Many Mennonite churches continue to emphasize service as an important aspect of church life. Often this has been seen as the way "the rubber hits the road" in what it means to be a community. The idea of helping those who are having trouble within the church has been an important part of this tradition, and has also pushed Mennonites to look beyond the limits of their churches in order to help others.

Within the Mennonite Community

Barn-raising (7Kb): Mennonite Archives of Ontario (1989 - 5.14)
Gathering materials
Barn-raising (12 Kb): Mennonite Archives of Ontario ((1989 - 5.15)
Raising the structure

Support within the Mennonite community is often referred to as mutual aid. The repeated migrations of Mennonite people provides one example of this value at work. Dutch Mennonites helped to finance early Swiss migrations to North America. Large migrations from Russia were made possible through the help of other Mennonite groups already living in Canada. Although in some cases aid was given to relatives and friends, many times there was no personal connection.

Barn-raising (95 Kb): Used by permission of the Kitchener-Waterloo Record Photographic Negative Collection; Dana Porter Library, University of Waterloo; Waterloo, Ont. N2L 3G1 (CGC 1990 - 9.1)
Barn-raising: K-W Record photo

Barn-raisings, still practiced by members of the Old Order Amish and Old Order Mennonite communities, provide perhaps the most vivid examples of this commitment to helping one another. Due to their religious beliefs, many of these groups do not buy insurance; rather, they rely on others within their religious community to help people through rough times. When a barn is destroyed by fire or damaged by a storm, the community descends on the farm with their materials and tools. As many as 250 men proceed to build a barn from the ground up to replace the old one - sometimes all in 1 day!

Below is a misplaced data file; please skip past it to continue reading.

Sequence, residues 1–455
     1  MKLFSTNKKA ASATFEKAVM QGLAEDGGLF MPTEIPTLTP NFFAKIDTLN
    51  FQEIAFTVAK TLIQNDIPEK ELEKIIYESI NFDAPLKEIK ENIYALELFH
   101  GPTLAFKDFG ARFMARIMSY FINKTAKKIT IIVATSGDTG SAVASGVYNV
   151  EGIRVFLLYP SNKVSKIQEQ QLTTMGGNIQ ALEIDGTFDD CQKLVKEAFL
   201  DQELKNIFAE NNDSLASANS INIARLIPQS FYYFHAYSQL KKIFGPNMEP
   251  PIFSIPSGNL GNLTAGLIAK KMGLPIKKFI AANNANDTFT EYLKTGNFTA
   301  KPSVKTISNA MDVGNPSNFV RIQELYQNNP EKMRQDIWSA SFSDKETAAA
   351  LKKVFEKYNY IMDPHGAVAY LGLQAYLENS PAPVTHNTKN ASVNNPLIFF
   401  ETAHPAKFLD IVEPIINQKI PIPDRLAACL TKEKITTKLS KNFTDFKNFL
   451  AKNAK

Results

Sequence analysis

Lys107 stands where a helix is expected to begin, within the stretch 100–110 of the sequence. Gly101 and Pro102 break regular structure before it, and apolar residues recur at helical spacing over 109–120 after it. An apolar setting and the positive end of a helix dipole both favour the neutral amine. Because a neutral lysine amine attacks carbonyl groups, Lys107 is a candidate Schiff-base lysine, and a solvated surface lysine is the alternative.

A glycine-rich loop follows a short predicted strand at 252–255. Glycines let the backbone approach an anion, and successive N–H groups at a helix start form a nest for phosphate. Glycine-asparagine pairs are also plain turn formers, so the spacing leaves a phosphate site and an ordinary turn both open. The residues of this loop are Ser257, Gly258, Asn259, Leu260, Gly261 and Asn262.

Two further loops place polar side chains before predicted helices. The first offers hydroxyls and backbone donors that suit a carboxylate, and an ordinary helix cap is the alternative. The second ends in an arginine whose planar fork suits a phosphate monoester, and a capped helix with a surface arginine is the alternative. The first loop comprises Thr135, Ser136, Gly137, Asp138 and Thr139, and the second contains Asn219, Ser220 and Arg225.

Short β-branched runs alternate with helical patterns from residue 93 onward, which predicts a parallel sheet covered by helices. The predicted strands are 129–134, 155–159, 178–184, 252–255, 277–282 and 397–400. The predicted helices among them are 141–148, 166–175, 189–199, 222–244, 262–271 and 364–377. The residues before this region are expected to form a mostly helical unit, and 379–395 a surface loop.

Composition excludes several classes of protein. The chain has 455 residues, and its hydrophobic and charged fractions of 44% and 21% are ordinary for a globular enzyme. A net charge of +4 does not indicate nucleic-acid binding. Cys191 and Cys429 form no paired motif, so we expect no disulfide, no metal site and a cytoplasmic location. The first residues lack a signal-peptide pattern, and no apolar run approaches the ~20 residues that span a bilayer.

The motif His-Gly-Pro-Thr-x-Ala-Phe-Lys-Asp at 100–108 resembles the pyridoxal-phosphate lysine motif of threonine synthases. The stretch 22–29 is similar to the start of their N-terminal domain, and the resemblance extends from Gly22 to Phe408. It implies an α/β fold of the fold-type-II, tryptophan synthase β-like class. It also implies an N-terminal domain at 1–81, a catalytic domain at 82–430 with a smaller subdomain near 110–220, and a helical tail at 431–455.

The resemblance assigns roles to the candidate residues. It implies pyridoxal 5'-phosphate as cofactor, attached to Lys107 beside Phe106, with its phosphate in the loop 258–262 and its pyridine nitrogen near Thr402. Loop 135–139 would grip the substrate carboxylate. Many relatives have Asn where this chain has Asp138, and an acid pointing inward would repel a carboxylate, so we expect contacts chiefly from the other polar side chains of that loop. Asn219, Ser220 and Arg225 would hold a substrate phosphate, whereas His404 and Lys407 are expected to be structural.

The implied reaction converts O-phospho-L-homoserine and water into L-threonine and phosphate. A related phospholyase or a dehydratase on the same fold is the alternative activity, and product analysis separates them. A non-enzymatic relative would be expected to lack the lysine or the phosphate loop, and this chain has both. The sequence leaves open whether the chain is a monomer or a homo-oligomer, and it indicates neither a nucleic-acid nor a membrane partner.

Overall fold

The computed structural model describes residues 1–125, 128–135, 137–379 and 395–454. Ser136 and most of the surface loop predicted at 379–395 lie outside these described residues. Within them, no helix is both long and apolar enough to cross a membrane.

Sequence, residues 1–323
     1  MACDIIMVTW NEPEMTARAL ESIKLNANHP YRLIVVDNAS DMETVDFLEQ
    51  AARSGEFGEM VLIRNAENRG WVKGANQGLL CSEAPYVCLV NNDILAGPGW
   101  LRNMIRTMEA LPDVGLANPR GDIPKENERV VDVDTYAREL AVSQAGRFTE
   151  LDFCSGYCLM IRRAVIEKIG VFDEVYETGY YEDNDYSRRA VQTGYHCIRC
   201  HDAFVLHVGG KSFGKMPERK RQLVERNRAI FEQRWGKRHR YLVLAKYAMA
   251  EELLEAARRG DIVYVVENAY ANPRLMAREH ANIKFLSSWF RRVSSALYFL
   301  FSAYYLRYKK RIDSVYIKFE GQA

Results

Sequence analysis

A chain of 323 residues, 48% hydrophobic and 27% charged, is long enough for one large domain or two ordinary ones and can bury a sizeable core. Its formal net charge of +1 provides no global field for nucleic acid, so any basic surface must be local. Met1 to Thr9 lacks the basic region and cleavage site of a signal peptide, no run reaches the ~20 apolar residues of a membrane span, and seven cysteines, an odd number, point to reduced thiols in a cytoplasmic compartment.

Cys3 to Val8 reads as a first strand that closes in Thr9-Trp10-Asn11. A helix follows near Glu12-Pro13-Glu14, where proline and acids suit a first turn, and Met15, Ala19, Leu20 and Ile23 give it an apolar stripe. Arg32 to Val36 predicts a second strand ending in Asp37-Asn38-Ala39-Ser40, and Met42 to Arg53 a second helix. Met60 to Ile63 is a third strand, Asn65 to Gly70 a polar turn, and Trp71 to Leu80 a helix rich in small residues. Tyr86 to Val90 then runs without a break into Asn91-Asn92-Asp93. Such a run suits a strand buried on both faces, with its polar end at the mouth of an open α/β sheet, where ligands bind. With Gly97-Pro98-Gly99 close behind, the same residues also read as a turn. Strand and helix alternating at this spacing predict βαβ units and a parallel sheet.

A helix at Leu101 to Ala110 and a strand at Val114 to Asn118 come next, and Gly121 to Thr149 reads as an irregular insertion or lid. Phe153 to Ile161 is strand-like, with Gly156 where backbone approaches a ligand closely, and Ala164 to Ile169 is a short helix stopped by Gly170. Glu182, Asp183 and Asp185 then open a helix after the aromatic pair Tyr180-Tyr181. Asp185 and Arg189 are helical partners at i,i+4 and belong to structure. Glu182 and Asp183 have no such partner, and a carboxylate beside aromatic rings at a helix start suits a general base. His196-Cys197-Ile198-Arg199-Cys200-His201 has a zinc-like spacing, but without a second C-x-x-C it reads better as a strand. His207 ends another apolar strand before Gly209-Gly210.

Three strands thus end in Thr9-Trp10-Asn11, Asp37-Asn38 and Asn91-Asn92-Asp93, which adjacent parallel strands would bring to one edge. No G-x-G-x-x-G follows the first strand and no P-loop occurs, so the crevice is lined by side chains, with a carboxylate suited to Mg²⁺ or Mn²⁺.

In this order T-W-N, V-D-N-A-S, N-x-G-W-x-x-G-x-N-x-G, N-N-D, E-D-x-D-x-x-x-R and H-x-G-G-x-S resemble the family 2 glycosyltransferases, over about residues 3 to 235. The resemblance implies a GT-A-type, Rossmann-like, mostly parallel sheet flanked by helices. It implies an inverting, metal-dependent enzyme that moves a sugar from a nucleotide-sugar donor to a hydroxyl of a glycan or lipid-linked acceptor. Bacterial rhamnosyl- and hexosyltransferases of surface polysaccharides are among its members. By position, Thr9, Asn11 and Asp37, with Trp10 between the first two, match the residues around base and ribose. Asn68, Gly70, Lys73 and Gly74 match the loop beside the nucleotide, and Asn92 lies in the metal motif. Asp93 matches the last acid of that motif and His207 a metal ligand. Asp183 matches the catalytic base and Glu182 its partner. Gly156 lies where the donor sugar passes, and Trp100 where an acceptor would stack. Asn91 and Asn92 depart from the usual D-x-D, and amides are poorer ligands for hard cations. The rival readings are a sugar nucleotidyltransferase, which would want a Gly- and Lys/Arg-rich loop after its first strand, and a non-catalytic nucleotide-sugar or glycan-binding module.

For other Mennonite groups, financial institutions such as Mennonite Credit Unions, rotating funds, and more informal arrangements  are other ways in which Mennonites from many different backgrounds and areas have been able to help one another.

Service Outside of the Church

Canadian Wheat Being Unloaded in Ethiopia (12 Kb): photo by Bob Hovde
Canadian Wheat donated by MCC arrives in Ethiopia (1984):  MCC photo

This tradition of helping others in need, often simply referred to as service, has also extended beyond Mennonites themselves. Mennonite Central Committee (MCC), originally organized to bring supplies to Russia after the revolution in 1917, continues to seek international development. It is involved in everything from digging wells for clean drinking water to teaching nutrition and other projects. In one project MCC started a "Food Bank" for grain to be sent overseas. In the span of one year in  1987-1988 this project shipped over 84,000 metric tons of grain to other countries, worth about $25 million; about one-third of the grain came from Mennonites.  

Mennonite Disaster Service (MDS) sends workers to clean up and help rebuild after floods, hurricanes, tornadoes, and other disasters strike. Mennonite Economic Development Agency  encourages and makes money available to people starting small businesses in the developing world; Ten Thousand Villages supports artisans overseas by paying fair prices for their products, which are then imported to North America and sold to provide seed money for other projects. The list of organizations and agencies goes on and on.

Mennonite congregations have also sponsored refugees and immigrants to come from other countries. Often these newcomers have also become part of the Mennonite church. Some have started congregations in their native language, where they worship and seek to attract others of their cultural background.

  Created 1998 by Derek Suderman